HOW FOAM DYEING PROCESS TAKES PLACE…
The foam dyeing technology consist of three sequential chambers: the purge chamber, application chamber and kinetic chamber so as to ensure anaerobic environment for dyeing.
Purge Chamber removes oxygen from the yarns before entering into the application chamber. This eliminates the use of sulphur reducing compounds which are primarily used during the conventional wet dyeing.
Application Chamber controls the delivery of foambased dye liquor to deliver the dye liquid from the collapsed foam. It enables the control of dye uptake and penetration.
Kinetic Chamber is mainly responsible for modulating dye absorption so as to minimise the amount of detrimental surface indigo as well as wasted indigo. It also enhances the darkness of blue colour and improves the colour-fastness property.
For reliable foam dyeing process along with the chambers, there should be a yarn handling system. Since yarns do not behave as structured fabric, thus in this case, foam dyeing technique is highly effective along with the reactive and other nonoxidising dyestuff. Consistent quality requires consistent control of both yarns as well as foam.
The yarn handling system is responsible for delivering yarns from a small beam through the dyeing system and rewinding the dyed yarns onto another beam. It provides computerised control of yarn tensions from the beginning to end. Also a yarn creel with computerised control of yarn tensions is attached to the system just to ensure the yarn packages are consistently fed into the yarn handling system.
The system also contains a foam generator for fabrication. The generator delivers metered foam directly on the sheets when it passes over a sequence of rollers. It is connected with the yarn handling system so that constant yarn tension is maintained throughout. It also enables real-time adjustment of the foam blow ratios as well as wet pick-up levels.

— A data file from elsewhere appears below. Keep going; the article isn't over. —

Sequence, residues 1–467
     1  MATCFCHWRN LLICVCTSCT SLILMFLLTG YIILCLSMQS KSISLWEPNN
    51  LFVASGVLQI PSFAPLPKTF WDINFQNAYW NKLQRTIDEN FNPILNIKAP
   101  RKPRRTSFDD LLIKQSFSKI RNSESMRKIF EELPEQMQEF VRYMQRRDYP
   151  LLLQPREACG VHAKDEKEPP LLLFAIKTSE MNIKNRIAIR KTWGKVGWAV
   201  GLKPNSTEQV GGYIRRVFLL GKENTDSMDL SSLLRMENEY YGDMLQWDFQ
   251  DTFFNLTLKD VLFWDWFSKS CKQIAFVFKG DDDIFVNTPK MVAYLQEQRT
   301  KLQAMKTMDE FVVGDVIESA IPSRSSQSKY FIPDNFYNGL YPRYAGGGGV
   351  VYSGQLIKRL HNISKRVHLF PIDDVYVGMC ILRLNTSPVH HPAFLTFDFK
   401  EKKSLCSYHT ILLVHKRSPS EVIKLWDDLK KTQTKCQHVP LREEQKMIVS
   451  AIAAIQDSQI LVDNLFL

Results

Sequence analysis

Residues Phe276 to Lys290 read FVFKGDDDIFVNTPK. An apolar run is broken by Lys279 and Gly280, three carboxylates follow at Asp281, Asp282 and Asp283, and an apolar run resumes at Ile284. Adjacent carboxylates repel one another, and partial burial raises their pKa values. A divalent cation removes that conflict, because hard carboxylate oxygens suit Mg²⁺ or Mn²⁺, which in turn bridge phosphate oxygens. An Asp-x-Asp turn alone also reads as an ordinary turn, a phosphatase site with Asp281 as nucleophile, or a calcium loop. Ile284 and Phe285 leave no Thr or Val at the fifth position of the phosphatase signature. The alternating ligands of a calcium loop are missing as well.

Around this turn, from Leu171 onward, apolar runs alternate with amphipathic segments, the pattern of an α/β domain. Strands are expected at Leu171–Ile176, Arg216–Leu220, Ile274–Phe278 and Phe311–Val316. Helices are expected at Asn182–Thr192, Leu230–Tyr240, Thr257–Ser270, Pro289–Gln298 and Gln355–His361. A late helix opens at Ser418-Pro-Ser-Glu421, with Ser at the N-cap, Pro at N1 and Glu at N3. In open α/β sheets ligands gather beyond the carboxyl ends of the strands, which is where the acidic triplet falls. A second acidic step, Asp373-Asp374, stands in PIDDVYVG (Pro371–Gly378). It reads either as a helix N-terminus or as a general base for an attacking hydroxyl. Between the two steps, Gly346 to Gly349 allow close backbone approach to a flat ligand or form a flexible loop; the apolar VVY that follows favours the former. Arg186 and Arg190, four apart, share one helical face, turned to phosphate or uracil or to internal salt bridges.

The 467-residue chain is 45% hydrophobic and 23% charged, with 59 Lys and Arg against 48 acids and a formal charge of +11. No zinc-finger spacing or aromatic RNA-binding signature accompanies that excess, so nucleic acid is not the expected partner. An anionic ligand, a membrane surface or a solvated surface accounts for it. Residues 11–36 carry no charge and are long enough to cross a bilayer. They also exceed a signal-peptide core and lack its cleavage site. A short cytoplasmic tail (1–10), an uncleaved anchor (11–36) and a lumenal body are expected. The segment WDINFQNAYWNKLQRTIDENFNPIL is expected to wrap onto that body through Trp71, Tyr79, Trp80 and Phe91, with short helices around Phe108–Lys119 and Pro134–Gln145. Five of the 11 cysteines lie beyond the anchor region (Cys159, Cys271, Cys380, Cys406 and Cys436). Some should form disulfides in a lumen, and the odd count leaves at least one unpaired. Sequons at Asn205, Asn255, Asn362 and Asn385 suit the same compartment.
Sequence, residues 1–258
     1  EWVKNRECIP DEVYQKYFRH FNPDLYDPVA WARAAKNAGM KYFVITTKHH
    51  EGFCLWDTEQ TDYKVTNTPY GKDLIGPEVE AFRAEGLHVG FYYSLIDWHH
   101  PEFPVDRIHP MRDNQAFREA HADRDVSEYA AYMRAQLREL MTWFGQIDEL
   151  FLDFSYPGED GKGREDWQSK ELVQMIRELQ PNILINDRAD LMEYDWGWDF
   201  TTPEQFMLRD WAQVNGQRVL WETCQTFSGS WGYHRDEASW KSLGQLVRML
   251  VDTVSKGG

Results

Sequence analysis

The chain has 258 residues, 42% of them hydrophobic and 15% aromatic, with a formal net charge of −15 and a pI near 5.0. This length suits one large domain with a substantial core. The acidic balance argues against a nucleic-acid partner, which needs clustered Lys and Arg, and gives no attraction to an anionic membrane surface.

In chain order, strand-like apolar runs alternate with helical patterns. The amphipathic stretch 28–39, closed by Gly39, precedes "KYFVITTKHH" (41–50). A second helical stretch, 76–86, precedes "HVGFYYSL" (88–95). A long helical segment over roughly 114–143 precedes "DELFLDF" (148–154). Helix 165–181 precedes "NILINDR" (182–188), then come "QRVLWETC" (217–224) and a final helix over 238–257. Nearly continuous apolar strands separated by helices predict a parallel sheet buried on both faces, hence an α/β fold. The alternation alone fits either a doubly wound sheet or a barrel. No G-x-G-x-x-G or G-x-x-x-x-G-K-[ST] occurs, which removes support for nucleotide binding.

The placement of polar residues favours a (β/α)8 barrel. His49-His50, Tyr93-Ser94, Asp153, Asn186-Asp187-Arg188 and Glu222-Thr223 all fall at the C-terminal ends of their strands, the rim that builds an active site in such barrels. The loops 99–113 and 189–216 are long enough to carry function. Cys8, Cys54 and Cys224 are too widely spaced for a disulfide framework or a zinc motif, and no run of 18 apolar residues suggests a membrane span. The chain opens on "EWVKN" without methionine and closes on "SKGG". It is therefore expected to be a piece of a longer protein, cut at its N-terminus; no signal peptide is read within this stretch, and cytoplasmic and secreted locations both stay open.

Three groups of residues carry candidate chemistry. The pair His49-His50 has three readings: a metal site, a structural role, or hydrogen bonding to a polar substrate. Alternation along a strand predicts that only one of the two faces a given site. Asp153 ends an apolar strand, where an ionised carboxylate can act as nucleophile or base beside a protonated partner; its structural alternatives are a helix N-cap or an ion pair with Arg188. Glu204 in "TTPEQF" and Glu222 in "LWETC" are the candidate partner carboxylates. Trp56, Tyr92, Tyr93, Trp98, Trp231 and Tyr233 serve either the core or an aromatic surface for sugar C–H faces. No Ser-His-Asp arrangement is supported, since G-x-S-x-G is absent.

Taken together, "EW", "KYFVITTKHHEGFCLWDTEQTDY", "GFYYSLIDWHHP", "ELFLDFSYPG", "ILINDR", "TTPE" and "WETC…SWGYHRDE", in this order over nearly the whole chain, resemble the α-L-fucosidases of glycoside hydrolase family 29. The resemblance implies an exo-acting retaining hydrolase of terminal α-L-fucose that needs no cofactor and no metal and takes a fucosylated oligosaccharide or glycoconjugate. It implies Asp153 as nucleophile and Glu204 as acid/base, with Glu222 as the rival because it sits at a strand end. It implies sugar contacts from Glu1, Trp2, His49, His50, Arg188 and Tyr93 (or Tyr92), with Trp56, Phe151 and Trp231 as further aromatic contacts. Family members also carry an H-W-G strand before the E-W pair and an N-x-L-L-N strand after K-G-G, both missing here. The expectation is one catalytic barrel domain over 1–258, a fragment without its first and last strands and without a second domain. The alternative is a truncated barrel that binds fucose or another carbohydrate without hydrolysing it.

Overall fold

The oxidation and the drying rack which is present inbetween the kinetic chamber and the yarn take-up beam is mainly responsible for the oxidation process of the dyed yarns. Yarns need time to oxidise before drying as moisture is required for oxidation to take place. The process of oxidation happens quite rapidly and the design of the rack is adequate enough even when running at high speed.
Royo stated that it is a system that is entirely free of water, that is, a dry dyeing process in which indigo is applied using foam. This breathtaking technology not only saves water but also cuts down on the consumption of chemicals by 90 per cent. What is more, energy consumption is also reduced tremendously. He added that the future of indigo dyeing lies in sustainable production.